I would also have thought that the noble Lord, Lord Carrington, might have suggested to your Lordships that there was some value in an expression of opinion by your Lordships' House, regardless of whether or not another place had considered this matter. I would not necessarily go so far as the noble Lord, Lord Carrington, in putting that forward, but I am surprised that he did not suggest that there was some value not only for the people of this country but for the people in Northern Ireland hearing your Lordships discuss this order and knowing what your Lordships' opinions on it were. That will be, at least for today, denied to us if the noble Lord's Motion is carried. The noble Lord, Lord Byers, said that while he was a personal supporter of this Order—


No, I did not.


I am afraid that the noble Lord, Lord Carrington, is again in dispute with his colleagues. I apologise for sowing such dissension among noble Lords opposite. The noble Lord, Lord Byers, suggested that he might not be able to carry the whole of his Party with him if it came to a division on this matter. I do not know whether the same thing applies to the noble Lord, Lord Carrington, but in my view the noble Lord, by moving his Motion, is not making any attempt to preserve the rights of the elected Chamber in this matter. He is simply trying to ensure that your Lordships do not get a chance to say whether or not your Lordships approve of the order and in that way protecting if anything, the image of your Lordships' House and not of another place.


My Lords, I must admit I am rather surprised that the Leader of the House has not answered.


My Lords, I shall be delighted to respond. I think that my noble friend has put a powerful case and it was reinforced by the noble Lord, Lord Parry. We should like to discuss this matter, but if noble Lords feel that they wish to force it to a Division immediately then let them do so. That is all I have to say. It is clear.


I must say, my Lords, I am slightly surprised at the bad temper shown opposite. It seems to me—


I hope that I never showed bad temper in my intervention. I thought there was a bit of bad temper among those on the Opposition Front Bench.


My Lords, I was slightly surprised at the bad temper shown, with the exception of the noble Lord the Leader of the House. I am sorry that the noble Lord, Lord Parry, misunderstood me—and he did misunderstand me. What I was seeking to do is something quite simple. It seems to me that since this House has on two occasions rejected the principle of wearing seat belts, there was, to say the least of it, a likelihood that it might do it again. If it did it again that would raise certain difficulties. The difficulties it would raise would be that the House of Commons

would not have discussed this order. The noble Lord, Lord Shepherd, is quite right that at a later stage, right at the end of the Session, they could put down another order saying much the same thing, which after two debates would lead to two more debates. All we need to do in order to avoid having four debates is to postpone this debate for four days and have it in four days' time. If I may say so, I have never heard so much song and dance about so little.

4.50 p.m.

On Question, Whether further debate on the Motion be now adjourned?

Their Lordships divided: Contents, 114; Not-Contents, 74.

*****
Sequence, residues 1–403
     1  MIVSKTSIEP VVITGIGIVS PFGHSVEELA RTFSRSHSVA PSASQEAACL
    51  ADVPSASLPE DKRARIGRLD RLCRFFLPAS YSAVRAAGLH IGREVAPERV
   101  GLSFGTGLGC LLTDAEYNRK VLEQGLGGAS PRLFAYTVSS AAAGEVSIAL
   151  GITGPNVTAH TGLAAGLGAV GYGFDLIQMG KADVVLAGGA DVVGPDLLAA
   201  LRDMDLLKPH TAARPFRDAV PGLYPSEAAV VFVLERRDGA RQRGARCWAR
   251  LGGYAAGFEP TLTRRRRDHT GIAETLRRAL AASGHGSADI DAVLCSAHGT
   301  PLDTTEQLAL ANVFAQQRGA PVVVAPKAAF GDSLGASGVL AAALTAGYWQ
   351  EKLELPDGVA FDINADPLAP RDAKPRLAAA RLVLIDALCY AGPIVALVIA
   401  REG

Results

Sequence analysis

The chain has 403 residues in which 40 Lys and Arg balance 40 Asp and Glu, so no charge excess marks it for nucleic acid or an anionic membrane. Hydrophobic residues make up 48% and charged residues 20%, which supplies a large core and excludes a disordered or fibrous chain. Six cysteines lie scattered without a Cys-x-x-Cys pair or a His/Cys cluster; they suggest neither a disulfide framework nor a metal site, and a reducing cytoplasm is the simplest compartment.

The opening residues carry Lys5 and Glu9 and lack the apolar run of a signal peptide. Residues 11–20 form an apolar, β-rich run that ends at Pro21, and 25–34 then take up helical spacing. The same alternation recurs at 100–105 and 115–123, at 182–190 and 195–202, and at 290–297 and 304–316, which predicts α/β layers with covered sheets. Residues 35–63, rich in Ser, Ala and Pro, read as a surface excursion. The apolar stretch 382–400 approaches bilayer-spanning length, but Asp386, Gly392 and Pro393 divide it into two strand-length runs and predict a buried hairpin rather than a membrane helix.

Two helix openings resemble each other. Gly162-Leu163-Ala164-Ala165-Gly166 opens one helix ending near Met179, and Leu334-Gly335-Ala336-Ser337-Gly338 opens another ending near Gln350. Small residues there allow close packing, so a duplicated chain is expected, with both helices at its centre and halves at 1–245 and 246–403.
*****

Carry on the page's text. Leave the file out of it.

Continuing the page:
Airedale, L. Forester, L. Nugent of Guildford, L.
Alexander of Tunis, E. Fortescue, E. Nunburnholme, L.
Allerton, L. Fraser of Kilmorack, L. O'Brien of Lothbury, L.
Alport, L. Gainford, L. O'Hagan, L.
Amherst, E. Glendevon, L. O'Neill of the Maine, L.
Amulree, L. Glenkinglas, L. Onslow, E.
Atholl, D. Gridley, L. Rankeillour, L.
Balerno, L. Hailsham of Saint Marylebone, L. Rawlinson of Ewell, L.
Barnby, L. Hale, L. Ridley, V.
Belstead, L. Hanworth, V. Rochdale, V.
Bledisloe, V. Henley, L. St. Aldwyn, E.
Bolton, L. Hereford, V. St. Davids, V.
Byers, L. Home of the Hirsel, L. Salisbury, M.
Caithness, E. Hood, V. Sandys, L.
Campbell of Croy, L. Hylton-Foster, B. Seear, B.
Carr of Hadley, L. Jeffreys, L. Selkirk, E.
Carrington, L. Kemsley, V. Sharpies, B.
Cathcart, E. Keyes, L. Skelmersdale, L.
Clifford of Chudleigh, L. Kinloss, Ly. Spens, L.
Clitheroe, L. Kinnaird, L. Stamp, L.
Clwyd, L. Lauderdale, E. Strathclyde, L.
Craigavon, V. Long, V. Strathcona and Mount Royal, L.
Crathorne, L. Loudoun, C. Tenby, V.
Cullen of Ashbourne, L. Lucas of Chilworth, L. Teviot, L.
Daventry, V. Luke, L. Teynham, L.
de Clifford, L. Lyell, L. Thomas, L.
Denham, L. [Teller.] Mackie of Benshie, L. Trefgarne, L.
Ebbisham, L. McNair, L. Trenchard, V.
Eccles, V. Mancroft, L. Trevelyan, L.
Elles, B. Marley, L. Tweeddale, M.
Elliot of Harwood, B. Massereene and Ferrard, V. Vernon, L.
Elton, L. Mernvale, L. Vickers, B.
Emmet of Amberley, B. Monson, L. Vivian, L.
Energlyn, L. Mottistone, L. Wakefield of Kendal, L.
Evans of Claughton, L. Mowbray and Stourton, L. [Teller.] Ward of North Tyneside, B.
Exeter, M. Westbury, L.
Faithfull, B. Newall, L. Wigoder, L.
Ferrier, L. Northchurch, B. Winstanley, L.
Foot, L.
Ashby, L. Boston of Faversham, L. Burton of Coventry, B.
Aylestone, L. Brimelow, L. Castle, L.
Baker, L. Brockway, L. Darling of Hillsborough, L.
Blyton, L. Bruce of Donington, L. Davies of Leek, L.
Davies of Penrhys, L. Listowel, E. Rhodes, L.
Douglas of Barloch, L. Llewelyn-Davies of Hastoe, B. [Teller.] Roll of Ipsden, L.
Dowding, L. Sainsbury, L.
Fisher of Camden, L. Lloyd of Hampstead, L. Samuel, V.
Gaitskell, B. McCarthy, L. Segal, L.
Garner, L. McCluskey, L. Shepherd, L.
Gordon-Walker, L. Maelor, L. Shinwell, L.
Hall, V. Melchett, L. Sligo, M.
Halsbury, E. Milner of Leeds, L. Snow, L.
Hamnett, L. Mishcon, L. Stedman, B.
Hatch of Lusby, L. Morris of Grasmere, L. Stewart of Alvechurch, B.
Henderson, L. Murray of Gravesend, L. Stone, L.
Houghton of Sowerby, L. Noel-Baker, L. Strabolgi, L.
Howie of Troon, L. Oram, L. Taylor of Mansfield, L.
Ilchester, E. Paget of Northampton, L. Walston, L.
Janner, L. Pannell, L. Wells-Pestell, L.
Kennet, L. Pargiter, L. Whaddon, L.
Kirkhill, L. Parry, L. Wigg, L.
Leatherland, L. Peart, L. (L. Privy Seal.) Wilson of Radcliffe, L.
Lee of Asheridge, B. Pitt of Hampstead, L. Winterbottom, L. [Teller.]
Lee of Newton, L. Raglan, L. Wynne-Jones, L.

Resolved in the affirmative, and further debate on the Motion adjourned accordingly.